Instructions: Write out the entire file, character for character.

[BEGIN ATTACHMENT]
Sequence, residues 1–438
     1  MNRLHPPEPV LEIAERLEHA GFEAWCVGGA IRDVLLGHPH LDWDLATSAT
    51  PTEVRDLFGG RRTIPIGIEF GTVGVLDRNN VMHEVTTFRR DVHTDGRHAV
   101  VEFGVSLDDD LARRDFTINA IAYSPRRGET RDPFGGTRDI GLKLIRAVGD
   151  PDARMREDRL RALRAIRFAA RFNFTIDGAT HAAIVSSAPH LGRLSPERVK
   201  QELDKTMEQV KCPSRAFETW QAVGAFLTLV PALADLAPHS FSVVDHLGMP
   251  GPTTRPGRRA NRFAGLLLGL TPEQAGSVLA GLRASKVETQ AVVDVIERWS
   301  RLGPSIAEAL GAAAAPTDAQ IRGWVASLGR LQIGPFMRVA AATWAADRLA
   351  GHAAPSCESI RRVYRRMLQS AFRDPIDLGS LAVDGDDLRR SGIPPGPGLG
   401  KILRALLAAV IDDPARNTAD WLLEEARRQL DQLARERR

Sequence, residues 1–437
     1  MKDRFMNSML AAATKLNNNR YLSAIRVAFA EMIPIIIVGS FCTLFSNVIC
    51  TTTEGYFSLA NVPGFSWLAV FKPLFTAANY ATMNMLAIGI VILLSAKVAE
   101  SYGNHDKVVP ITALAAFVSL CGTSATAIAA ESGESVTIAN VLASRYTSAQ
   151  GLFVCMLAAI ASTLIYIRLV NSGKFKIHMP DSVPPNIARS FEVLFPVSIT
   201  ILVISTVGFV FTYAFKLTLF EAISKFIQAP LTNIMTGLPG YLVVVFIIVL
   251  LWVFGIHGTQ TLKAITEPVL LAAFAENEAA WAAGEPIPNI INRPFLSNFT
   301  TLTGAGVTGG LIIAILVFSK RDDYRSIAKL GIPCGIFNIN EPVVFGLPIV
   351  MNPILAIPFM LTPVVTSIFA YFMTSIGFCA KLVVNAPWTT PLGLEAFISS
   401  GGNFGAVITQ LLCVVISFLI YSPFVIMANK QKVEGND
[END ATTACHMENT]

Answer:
Sequence, residues 1–438
     1  MNRLHPPEPV LEIAERLEHA GFEAWCVGGA IRDVLLGHPH LDWDLATSAT
    51  PTEVRDLFGG RRTIPIGIEF GTVGVLDRNN VMHEVTTFRR DVHTDGRHAV
   101  VEFGVSLDDD LARRDFTINA IAYSPRRGET RDPFGGTRDI GLKLIRAVGD
   151  PDARMREDRL RALRAIRFAA RFNFTIDGAT HAAIVSSAPH LGRLSPERVK
   201  QELDKTMEQV KCPSRAFETW QAVGAFLTLV PALADLAPHS FSVVDHLGMP
   251  GPTTRPGRRA NRFAGLLLGL TPEQAGSVLA GLRASKVETQ AVVDVIERWS
   301  RLGPSIAEAL GAAAAPTDAQ IRGWVASLGR LQIGPFMRVA AATWAADRLA
   351  GHAAPSCESI RRVYRRMLQS AFRDPIDLGS LAVDGDDLRR SGIPPGPGLG
   401  KILRALLAAV IDDPARNTAD WLLEEARRQL DQLARERR

Sequence, residues 1–437
     1  MKDRFMNSML AAATKLNNNR YLSAIRVAFA EMIPIIIVGS FCTLFSNVIC
    51  TTTEGYFSLA NVPGFSWLAV FKPLFTAANY ATMNMLAIGI VILLSAKVAE
   101  SYGNHDKVVP ITALAAFVSL CGTSATAIAA ESGESVTIAN VLASRYTSAQ
   151  GLFVCMLAAI ASTLIYIRLV NSGKFKIHMP DSVPPNIARS FEVLFPVSIT
   201  ILVISTVGFV FTYAFKLTLF EAISKFIQAP LTNIMTGLPG YLVVVFIIVL
   251  LWVFGIHGTQ TLKAITEPVL LAAFAENEAA WAAGEPIPNI INRPFLSNFT
   301  TLTGAGVTGG LIIAILVFSK RDDYRSIAKL GIPCGIFNIN EPVVFGLPIV
   351  MNPILAIPFM LTPVVTSIFA YFMTSIGFCA KLVVNAPWTT PLGLEAFISS
   401  GGNFGAVITQ LLCVVISFLI YSPFVIMANK QKVEGND